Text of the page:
By the mid-1980s, a similar feeling of disdain was creeping in with the youths of America. Hair metal had become stale, its time in the sun was nearing its end. This was due mostly because there was such an oversaturation of hair metal bands creeping up – each looking and sounding exactly like the last. By 1988, it wasn’t cool to simply have long hair, ripped jeans and a Brooklyn accent anymore. Young people wanted something new, something different, and something that had a point to prove.
Bruce Pavitt was a young man studying at the Evergreen State College in Olympia, Washington. He started a magazine called Subterranean Pop during his studies, and the publication focused on the underground artists the city had to offer. These bands were strongly influenced by U.K. punk and possessed the raw, aggressive quality that commercial rock was lacking, Pavvit’s social commentary on the time summed things up pretty well:
“When people buy a record, they are not only plugging into the music, but into the values and lifestyle that are implied by the artist. By supporting huge Hollywood music corporations, you (yes you), are not only allowing middle-aged capitalists to dictate what goes over the airwaves, but promote macho pig-fuck bands whose entire lifestyle revolves around cocaine, sexism, money and more money. The 80s need new sounds and just as much they need new heroes.” – Bruce Pavitt
”Macho pig-fuck bands”. Now that’s a line I could only dream of writing.
Pavitt’s rage at the state of rock at the time is evident. He makes a good point by saying that consumers want a lifestyle and values they can relate to – most people can’t relate to Jon Bon Jovi’s life, and I don’t think people even wanted to. I don’t think they even cared anymore. Music comes and goes as a trend, and Pavitt could sense a new one was coming.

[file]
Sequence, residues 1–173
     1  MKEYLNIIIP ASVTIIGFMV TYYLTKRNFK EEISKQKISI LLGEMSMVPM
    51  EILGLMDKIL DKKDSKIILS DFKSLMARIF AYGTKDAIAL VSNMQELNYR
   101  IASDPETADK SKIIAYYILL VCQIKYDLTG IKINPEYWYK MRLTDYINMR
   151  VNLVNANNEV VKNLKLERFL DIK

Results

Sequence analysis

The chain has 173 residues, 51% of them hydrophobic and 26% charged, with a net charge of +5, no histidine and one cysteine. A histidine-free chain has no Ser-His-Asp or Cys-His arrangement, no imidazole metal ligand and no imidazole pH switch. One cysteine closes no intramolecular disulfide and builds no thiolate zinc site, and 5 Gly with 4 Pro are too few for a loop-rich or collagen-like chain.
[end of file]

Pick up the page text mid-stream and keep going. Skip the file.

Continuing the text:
His magazine evolved into a record label of sorts – compiling Seattle’s independent artists into one album, most of whom were featured in the magazine. The first of these compilation albums, Sup Pop 100, came out in July 1986.
The artwork is certainly different. The tracks certainly were also. Featuring bands such as Scratch Acid, Sonic Youth, Skinny Puppy, and Naked Raygun – the album got its fair share of attention due its abrasive, homemade, and, at times, downright weird content. The moderate success of the tape led to more compilation albums, the last of which sold a few thousand copies. Sub Pop grew and grew, and artists started to take notice – local act Green River approached Pavitt and said they wanted to record their second EP, Dry as a Bone with Sub Pop. Green River’s popularity had grown steadily with Pacific Northwest audiences with time – their following shared with other up and coming bands such as Melvins, Soundgarden and Skin Yard.
However, Sub Pop did not have enough money to release the EP straight away. That had to come next summer – but when released in 1987, Pavvit promoted the album as ”ultra-loose GRUNGE that destroyed the morals of a generation.” Pavvit had unknowingly coined a term that would be used to describe an epoch of music.